Kevin Kuranyi: ′Germany still aren′t where they need to be′ | Sports| German football and major international sports news | DW | 26.06.2018
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Kevin Kuranyi: 'Germany still aren't where they need to be'

Kevin Kuranyi was among those who were in Kazan cheering on Germany in their match against Sweden. However, he was not completely convinced by the team's performance. Still, he was able to realize a childhood dream.

Sometimes a World Cup can fulfill dreams beyond your favorite team having success on the pitch. That's what happened to me at the airport in Kazan. There I ran into Carlos Valderrama, the former Colombia midfielder, who was my hero during the 1994 World Cup. His style of play and his exploding bubble of blonde hair fascinated me back then. So when I saw him at the airport, I approached him and asked for a selfie with him. He gave me a strange look, as if he thought he knew me from somewhere, but couldn't quite place me. So for him, I was just another fan, who wanted a selfie with him. Form me it was the realization of a childhood dream.

The Germans still aren't where they should be

Things went Germany's way against Sweden, when they were blessed by similar luck as I was with my selfie, and I cheered them on all the way in their last-minute victory. However, to be honest, despite the fact that Germany looked better in the second half and Toni Kroos gave us all something to cheer about with that spectacular goal, Germany still have some way to go towards getting back to where they need to be. Where is the domination, both in physical terms and in terms of play that was once the hallmark of the national team? However, you have to respect Toni Kroos for keeping his nerve and taking responsibility in that situation.

I believe it is time for Mario Gomez to be picked in the starting 11, because coming off the bench in the previous two World Cup matches, he has hinted at how dangerous he can be in front of goal. Where was Thomas Müller? I hardly noticed him out there in the first two games. Julian Draxler hasn't shown me much either. I think he needs to be played farther back, as a central midfielder, so that he can make the most of his abilities.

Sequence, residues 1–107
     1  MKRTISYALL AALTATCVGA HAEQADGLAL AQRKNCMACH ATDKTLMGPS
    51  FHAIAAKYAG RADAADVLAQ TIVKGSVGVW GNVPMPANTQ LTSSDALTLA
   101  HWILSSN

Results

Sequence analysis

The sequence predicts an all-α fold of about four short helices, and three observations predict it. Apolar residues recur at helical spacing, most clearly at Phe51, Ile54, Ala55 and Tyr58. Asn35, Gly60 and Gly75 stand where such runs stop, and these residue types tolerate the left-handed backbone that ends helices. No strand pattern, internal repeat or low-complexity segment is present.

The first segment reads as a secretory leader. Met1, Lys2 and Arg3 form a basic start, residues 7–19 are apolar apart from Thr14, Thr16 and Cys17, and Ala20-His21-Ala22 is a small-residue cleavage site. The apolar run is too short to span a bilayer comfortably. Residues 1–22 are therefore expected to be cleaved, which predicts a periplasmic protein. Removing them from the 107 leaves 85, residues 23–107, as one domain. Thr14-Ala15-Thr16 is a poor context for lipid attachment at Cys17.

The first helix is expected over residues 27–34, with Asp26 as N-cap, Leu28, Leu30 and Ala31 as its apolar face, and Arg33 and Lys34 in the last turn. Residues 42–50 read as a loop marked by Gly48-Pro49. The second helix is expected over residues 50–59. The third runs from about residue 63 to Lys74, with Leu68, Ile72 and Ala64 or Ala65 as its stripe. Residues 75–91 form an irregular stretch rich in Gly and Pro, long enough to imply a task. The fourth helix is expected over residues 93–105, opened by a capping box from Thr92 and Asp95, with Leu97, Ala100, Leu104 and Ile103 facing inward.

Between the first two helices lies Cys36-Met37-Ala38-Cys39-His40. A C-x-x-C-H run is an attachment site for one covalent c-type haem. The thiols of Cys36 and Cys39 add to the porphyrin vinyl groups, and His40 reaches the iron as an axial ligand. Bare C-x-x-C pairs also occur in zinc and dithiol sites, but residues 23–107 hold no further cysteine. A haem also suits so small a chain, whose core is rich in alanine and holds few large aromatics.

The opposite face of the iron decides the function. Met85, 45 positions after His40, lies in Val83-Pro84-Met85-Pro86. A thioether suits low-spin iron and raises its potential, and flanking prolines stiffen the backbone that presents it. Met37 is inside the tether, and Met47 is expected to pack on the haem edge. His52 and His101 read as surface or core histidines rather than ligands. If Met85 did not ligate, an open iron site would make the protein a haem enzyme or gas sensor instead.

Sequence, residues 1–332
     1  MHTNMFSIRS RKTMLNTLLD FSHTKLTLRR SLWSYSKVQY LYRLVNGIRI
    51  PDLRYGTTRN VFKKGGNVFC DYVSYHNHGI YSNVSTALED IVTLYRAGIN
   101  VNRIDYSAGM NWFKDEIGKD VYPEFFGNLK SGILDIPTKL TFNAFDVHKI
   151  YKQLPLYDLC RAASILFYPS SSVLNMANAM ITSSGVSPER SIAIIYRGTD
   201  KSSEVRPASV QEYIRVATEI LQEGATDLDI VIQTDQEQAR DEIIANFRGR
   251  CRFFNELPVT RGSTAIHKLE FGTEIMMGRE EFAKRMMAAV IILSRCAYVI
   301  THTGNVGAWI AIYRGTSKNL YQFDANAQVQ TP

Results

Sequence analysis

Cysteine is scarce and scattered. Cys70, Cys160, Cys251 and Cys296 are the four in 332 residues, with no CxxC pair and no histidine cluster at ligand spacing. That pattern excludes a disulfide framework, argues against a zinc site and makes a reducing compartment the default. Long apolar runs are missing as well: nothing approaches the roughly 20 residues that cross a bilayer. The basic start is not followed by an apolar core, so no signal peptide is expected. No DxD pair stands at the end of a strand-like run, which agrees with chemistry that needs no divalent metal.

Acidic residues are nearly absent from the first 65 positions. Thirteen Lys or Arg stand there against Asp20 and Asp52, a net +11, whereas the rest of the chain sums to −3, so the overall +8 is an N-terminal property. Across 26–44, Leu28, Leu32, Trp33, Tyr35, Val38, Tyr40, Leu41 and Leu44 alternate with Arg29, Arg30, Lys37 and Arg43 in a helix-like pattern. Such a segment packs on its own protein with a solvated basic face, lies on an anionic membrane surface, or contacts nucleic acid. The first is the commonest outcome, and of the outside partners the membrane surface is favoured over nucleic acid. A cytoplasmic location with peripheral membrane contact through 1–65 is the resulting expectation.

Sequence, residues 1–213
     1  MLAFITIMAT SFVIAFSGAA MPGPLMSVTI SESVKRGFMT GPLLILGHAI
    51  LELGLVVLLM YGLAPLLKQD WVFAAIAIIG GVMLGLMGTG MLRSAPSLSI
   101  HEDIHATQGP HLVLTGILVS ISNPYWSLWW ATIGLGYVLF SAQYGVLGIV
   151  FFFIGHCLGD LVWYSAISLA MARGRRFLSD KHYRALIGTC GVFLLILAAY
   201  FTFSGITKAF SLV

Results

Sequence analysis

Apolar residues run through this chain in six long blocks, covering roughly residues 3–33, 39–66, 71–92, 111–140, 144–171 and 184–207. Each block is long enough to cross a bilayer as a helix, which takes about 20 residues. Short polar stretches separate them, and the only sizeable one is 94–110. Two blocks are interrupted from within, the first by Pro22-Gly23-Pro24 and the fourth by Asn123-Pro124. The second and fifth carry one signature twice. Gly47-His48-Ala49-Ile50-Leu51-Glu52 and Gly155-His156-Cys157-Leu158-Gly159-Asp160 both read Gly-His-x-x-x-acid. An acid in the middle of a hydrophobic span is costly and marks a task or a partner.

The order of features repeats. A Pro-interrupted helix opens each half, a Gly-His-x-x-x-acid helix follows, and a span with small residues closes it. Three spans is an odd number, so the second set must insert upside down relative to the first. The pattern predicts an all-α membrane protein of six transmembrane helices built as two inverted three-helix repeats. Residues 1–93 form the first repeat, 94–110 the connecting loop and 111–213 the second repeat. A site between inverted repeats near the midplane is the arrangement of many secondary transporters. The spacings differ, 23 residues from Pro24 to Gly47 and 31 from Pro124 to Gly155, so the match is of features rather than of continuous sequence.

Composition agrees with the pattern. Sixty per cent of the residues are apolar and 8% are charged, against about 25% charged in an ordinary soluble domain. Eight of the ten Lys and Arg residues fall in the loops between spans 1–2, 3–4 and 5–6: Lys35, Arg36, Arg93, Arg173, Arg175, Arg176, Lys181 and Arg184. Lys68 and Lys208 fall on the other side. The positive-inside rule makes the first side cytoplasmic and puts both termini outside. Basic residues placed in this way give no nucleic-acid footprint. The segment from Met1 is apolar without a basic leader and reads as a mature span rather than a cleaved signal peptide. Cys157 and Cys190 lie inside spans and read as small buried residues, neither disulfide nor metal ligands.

However, I hope that the Sweden match will have given the Germans a mental boost. That kind of experience gives a player additional energy and a sense of euphoria. For South Korea, they'll need the same level of concentration and they should enter the match with a lot of self confidence. This too will be a really difficult game.

Croatia are world class

The ease, that has been missing from Germany's game so far, has very much been part of Croatia's. The Croatians have looked really strong. The world-class duo of Ivan Raketic and Luka Modric is at the heart of their setup. I am particularly pleased for Ivan, who was once my teammate at Schalke. I spoke to him on the phone prior to the World Cup, and he sounded very confident. It looks like had his reasons. One of the secrets of their success is that the Croatians have really strong character guys in their team, like Dejan Lovren, Mario Mandzukic and Ante Rebic. As far as I concerned, the Croatians are now one of the not so dark horses for the title.

Kevin Kuranyi is covering the World Cup in Russia as a columnist for DW and a television pundit for public broadcaster ARD. Kuranyi is a citizen of three countries represented at the World Cup: Germany, Panama and his native Brazil. He made 52 international appearances for Germany and was part of the team that reached the final of Euro 2008. After a rift with coach Joachim Löw, which he has described as "the biggest mistake of my career" Kuranyi was kicked off the national team. Towards the end of his playing career,  Kuranyi spent five years in Russia before hanging up his boots in 2017.

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